Arthur C. Clarke Award 2012 Goes to Jane Rogers’ The Testament of Jessie Lamb

Step aside China Miéville, no fourth Arthur C. Clarke award for you. Jane Rogers beats Mr.Miéville  to the punch and earns her first Arthur C. Clarke award for her Booker long-listed novel The Testament of Jessie Lamb.

The dystopic novel about a young girl in a near future where the world’s women are dying out, beats the likes of award stalwarts China Miéville, Greg Bear, Charles Stross, and Sheri S. Tepper.

Christopher Priest should be pretty chuffed with this result as he recently lampooned all the other contenders for this year’s Arthur C. Clarke on his website, following the initial nominations at the end of March. Saying such things as Charles Stross “writes like an internet puppy”, Greg Bear’s Hull Zero Three has short paragraphs to “suit the expected attention-span of the reader”, and Sheri S. Tepper’s book The Waters Rising, he pricelessly exclaims: “For fuck’s sake, it is a quest saga and it has a talking horse.”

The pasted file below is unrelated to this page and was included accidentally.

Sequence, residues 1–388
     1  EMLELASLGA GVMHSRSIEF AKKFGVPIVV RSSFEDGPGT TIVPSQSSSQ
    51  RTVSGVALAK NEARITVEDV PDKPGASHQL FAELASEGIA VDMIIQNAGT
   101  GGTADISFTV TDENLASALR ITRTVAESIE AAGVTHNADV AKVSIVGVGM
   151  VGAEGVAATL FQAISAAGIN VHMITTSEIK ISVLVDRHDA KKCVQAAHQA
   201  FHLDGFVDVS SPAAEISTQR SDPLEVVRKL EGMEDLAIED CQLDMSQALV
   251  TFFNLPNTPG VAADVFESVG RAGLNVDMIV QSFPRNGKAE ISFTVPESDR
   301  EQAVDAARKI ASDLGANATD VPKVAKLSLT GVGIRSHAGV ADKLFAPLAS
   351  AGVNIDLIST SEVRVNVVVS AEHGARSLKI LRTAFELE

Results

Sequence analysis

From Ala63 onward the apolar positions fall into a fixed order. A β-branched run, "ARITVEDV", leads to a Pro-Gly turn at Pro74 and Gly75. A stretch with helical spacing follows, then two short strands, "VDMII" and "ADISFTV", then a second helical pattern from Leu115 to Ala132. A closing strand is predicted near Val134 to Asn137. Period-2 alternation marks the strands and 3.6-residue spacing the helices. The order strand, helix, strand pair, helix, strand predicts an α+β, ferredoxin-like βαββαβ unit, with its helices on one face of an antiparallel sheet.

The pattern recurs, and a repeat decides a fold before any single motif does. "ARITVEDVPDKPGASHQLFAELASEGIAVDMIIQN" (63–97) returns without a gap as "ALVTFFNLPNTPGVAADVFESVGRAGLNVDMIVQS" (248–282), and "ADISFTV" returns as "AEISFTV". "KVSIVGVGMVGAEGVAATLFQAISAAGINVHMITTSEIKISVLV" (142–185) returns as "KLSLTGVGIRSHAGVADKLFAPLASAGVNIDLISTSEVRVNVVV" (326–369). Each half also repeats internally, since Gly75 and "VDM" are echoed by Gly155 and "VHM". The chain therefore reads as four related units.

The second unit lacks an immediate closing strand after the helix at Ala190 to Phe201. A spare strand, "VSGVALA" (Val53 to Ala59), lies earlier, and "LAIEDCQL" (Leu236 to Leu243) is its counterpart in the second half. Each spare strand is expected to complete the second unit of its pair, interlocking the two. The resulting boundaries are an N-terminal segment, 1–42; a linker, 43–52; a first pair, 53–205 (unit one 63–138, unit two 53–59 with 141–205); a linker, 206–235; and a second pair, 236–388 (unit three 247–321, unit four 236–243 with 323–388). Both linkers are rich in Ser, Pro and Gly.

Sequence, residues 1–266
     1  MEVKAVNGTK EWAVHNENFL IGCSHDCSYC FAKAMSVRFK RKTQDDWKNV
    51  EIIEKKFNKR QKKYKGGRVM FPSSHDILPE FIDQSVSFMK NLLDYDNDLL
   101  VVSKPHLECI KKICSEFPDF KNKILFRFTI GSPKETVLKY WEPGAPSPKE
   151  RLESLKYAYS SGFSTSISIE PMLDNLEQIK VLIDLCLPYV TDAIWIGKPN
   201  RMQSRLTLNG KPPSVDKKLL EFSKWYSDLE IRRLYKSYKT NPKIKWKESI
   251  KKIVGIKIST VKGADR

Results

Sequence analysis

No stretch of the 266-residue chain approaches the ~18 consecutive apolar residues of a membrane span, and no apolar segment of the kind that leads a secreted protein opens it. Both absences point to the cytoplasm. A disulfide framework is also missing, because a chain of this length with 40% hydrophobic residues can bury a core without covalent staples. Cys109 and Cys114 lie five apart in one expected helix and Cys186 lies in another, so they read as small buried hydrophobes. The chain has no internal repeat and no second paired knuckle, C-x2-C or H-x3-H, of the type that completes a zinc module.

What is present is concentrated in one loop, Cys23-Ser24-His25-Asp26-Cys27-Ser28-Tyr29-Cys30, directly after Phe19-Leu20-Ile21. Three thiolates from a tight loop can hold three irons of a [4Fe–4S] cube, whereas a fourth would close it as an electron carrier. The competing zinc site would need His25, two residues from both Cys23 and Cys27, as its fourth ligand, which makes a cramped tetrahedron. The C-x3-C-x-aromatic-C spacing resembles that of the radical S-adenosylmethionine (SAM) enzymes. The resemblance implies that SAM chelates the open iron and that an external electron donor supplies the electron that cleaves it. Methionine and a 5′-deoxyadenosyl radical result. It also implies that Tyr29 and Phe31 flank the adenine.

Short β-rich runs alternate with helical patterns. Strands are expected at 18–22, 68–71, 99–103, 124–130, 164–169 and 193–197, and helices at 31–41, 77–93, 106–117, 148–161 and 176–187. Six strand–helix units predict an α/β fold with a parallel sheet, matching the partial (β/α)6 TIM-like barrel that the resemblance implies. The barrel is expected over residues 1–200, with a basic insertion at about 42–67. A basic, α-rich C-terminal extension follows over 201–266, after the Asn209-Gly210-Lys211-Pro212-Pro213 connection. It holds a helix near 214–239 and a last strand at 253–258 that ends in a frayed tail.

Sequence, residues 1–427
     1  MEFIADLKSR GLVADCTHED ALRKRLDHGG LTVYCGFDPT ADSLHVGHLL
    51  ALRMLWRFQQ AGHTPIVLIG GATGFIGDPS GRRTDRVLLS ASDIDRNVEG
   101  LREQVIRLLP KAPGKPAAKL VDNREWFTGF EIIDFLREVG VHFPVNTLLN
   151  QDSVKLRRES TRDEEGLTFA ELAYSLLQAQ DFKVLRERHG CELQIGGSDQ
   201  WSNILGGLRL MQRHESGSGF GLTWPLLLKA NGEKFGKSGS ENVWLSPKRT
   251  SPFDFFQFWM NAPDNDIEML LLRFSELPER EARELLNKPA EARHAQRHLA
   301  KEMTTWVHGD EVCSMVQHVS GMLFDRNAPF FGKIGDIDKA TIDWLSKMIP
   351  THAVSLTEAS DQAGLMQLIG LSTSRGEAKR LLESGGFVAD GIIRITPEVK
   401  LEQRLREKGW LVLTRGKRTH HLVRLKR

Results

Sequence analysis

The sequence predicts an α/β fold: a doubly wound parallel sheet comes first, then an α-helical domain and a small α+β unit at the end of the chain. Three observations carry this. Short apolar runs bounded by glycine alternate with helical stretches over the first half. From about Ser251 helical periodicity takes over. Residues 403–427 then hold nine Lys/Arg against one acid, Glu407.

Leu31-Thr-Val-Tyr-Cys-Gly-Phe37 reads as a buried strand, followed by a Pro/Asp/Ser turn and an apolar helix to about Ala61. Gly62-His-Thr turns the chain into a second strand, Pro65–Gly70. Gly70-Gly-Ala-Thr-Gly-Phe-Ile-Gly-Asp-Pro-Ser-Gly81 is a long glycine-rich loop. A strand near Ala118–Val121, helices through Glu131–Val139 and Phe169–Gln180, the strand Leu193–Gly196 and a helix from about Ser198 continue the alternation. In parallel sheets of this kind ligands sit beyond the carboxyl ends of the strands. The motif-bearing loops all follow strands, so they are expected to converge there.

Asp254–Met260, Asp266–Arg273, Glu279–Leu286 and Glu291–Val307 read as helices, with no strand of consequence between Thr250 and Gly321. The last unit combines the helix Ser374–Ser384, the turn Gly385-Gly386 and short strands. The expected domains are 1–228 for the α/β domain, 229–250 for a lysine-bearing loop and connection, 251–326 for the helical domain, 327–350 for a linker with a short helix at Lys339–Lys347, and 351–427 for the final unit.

Priest said that the most deserving book of the “dreadful shortlist”, was Jane Rogers’ entry. In a rare bit of praise Priest described The Testament of Jessie Lamb as “something we should be proud of”.

The book has been compared to the likes of Margaret Atwood’s The Handmaid’s Tale, P.D. James’ Children of Men, and Kazuo Ishiguro’s Never Let Me Go. Interestingly, Margaret Atwood’s novel won the inaugural Arthur C. Clarke award way back in 1987.

Jane Rogers will not only see a not inconsiderable jump in sales of her prize-winning novel, but will also receive a cash prize from Sir Arthur C. Clarke’s estate via Rocket Publishing, his UK representatives.

SourceArthur C. Clarke Award

GS Reporter: Dean Simons

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One comment

  1. Once read a China Mieville book, never again

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